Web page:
The Indonesia phase of exercise Cooperation Afloat Readiness and Training (CARAT) began at Surabaya Naval Base July
11, with leaders from the Indonesian and United States navies
agreeing on the continuing need for mutual cooperation and interoperability.
More than 2,000 participants from both countries will train together during the next week in a variety of scenarios, including visit, board, search and seizure (VBSS) demonstrations, amphibious operations, diving and salvage, and small craft force protection tactics.
“The closer cooperation and friendship between our two navies and the stronger friendly relations between our two nations, as well, will give a great benefit and contribution to the international effort to increase the prosperity of people in a peaceful world,” said Rear Adm. Waldi Murad
, commander of the Indonesian Eastern Fleet Command
, during his opening ceremony remarks.
Rear Adm. William R. Burke
, commander of Task Force
73 and the exercise’s executive agent, said CARAT presents an opportunity for both navies to build understanding that can prove useful in a variety of scenarios, from maritime interdiction to rescue at sea.
“With multinational responses to regional contingencies such as humanitarian assistance and disaster relief becoming more common, we owe it to ourselves to work together routinely in a realistic training environment such as CARAT,” Burke said. “Exposure to each other's operating procedures - and our mutual ability to communicate and comprehend those procedures - is the key to efficient combined operations.”
In addition to the in-port and at-sea training events, exercise participants from both the U.S. and Indonesia will work together in a series of community service projects, as well as medical, dental, veterinary and engineering civic action projects.
“These projects, which range from providing free medical and dental care, to infrastructure and school improvements, allow the U.S. Navy to show its appreciation for being welcomed here,” Burke said.
The CARAT task group taking part in the Indonesia phase of CARAT under the leadership of Commander, Destroyer Squadron
1 Capt. Al Collins, is made up of the dock landing ship USS Tortuga (LSD 46), frigate USS Crommelin (FFG 37), Coast Guard high endurance cutter USCGC Sherman (WHEC 720), and the rescue and salvage ship USS Salvor (ARS 52).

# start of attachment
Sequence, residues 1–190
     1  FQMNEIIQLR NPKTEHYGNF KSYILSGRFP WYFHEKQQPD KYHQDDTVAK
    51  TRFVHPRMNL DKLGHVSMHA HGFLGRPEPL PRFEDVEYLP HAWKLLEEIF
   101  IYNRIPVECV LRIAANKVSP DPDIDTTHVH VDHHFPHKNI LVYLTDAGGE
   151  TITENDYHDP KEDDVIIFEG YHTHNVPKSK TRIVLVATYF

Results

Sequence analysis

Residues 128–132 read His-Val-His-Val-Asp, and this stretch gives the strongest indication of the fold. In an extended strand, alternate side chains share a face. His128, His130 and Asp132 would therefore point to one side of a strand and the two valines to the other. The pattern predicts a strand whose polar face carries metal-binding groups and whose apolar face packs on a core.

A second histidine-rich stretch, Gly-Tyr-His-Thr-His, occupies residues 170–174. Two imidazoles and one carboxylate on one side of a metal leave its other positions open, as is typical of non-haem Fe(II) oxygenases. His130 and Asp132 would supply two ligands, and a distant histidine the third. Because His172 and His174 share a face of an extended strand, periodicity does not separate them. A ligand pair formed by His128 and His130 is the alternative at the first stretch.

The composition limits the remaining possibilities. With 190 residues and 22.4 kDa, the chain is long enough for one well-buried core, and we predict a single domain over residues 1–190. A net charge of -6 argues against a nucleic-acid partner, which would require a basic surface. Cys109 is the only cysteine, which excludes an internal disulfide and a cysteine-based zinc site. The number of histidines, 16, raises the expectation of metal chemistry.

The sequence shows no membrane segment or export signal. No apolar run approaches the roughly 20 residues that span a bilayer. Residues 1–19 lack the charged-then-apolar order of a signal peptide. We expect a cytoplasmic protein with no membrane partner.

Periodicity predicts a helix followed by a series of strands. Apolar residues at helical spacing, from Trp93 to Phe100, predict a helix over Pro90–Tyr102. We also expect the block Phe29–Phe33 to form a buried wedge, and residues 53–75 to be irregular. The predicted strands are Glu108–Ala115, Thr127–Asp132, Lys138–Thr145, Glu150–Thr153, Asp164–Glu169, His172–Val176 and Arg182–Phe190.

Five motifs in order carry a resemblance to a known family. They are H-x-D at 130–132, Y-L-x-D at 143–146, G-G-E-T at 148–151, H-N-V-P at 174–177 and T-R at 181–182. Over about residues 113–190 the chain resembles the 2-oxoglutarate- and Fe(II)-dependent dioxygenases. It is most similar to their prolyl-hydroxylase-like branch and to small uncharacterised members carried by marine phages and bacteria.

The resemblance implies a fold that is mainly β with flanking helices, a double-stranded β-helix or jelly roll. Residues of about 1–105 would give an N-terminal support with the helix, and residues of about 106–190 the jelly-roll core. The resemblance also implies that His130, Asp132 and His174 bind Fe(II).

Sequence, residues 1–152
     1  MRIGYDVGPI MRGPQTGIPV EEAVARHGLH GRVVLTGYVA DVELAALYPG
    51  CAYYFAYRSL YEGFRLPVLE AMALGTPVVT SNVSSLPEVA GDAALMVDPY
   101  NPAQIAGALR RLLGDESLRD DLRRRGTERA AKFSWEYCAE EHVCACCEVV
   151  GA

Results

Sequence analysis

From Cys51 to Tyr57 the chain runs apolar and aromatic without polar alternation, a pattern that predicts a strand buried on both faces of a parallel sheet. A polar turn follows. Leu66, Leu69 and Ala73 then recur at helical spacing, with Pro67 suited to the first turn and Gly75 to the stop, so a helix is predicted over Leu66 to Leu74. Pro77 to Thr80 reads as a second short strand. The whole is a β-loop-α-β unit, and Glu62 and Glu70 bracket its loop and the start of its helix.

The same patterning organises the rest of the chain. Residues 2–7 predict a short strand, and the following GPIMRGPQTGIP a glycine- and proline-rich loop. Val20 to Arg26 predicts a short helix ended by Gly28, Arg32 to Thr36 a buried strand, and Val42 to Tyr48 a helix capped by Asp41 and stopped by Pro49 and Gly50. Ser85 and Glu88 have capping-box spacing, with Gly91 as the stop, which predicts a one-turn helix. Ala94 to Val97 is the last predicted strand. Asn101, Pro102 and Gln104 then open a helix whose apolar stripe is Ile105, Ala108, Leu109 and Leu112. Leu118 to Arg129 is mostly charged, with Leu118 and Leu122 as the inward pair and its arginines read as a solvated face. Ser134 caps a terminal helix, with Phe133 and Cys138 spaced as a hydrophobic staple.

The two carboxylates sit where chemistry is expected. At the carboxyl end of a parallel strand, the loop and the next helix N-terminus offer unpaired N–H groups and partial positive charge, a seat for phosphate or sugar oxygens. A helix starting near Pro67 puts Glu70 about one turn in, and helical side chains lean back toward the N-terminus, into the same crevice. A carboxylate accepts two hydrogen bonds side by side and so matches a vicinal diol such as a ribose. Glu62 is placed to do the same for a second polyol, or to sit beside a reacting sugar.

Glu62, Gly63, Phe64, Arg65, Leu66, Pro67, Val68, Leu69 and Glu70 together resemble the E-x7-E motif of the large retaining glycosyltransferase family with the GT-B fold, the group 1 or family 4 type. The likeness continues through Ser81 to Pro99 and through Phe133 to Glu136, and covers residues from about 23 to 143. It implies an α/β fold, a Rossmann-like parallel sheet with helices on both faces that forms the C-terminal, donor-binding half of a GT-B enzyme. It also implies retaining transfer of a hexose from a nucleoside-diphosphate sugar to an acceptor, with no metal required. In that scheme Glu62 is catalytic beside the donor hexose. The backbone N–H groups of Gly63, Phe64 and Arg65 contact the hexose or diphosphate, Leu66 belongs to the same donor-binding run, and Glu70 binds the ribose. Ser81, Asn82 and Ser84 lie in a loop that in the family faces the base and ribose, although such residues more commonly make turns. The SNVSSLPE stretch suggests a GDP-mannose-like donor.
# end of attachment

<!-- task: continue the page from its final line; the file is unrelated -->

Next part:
The first U.S. ships from the CARAT task group to arrive in Surabaya were Crommelin and Sherman. A troupe of Indonesian dancers, musicians and acrobats in colorful traditional costume gave the ship a traditional Indonesian welcome.
“The Indonesian navy
has welcomed us with open arms by sharing their culture with us,” Collins said, as he was lifted up onto a peacock-feathered seat of honor.
Murad welcomed the opportunity for Indonesian sailors to continue building relationships with their U.S. Navy counterparts.
“Both navies have a long, strong bond of friendship since many years ago,” Murad said. “Hopefully, this relation will grow stronger and continue ever after.”
CARAT is an annual series of bilateral maritime training exercises between the United States and six Southeast Asia nations designed to build relationships and enhance the operational readiness of the participating forces. Indonesia is the third phase of the summer-long exercise series.
KRI Karel Satsuitubin (356), KRI Fatahilah (361), KRI Nala (363) and KRI Hiu (804) are scheduled to take part in the exercise.
Other U.S. participants include Seabees from Naval Mobile Construction Battalion (NMCB) 1, a U.S. Marine training team from 3rd Marine Division, a detachment from Mobile Security Squadron 7, Helicopter Anti-submarine Squadron (Light) (HSL) 37, Patrol Squadron (VP) 46 and U.S. Army veterinarians.
Previous phases of CARAT 2006 have taken place in Singapore and Thailand. The series will continue through August, with exercises in Brunei, Malaysia, and the Philippines to follow.
By Mass Communication Specialist 1st Class Brian Brannon, Commander, Task Force 73 Public Affairs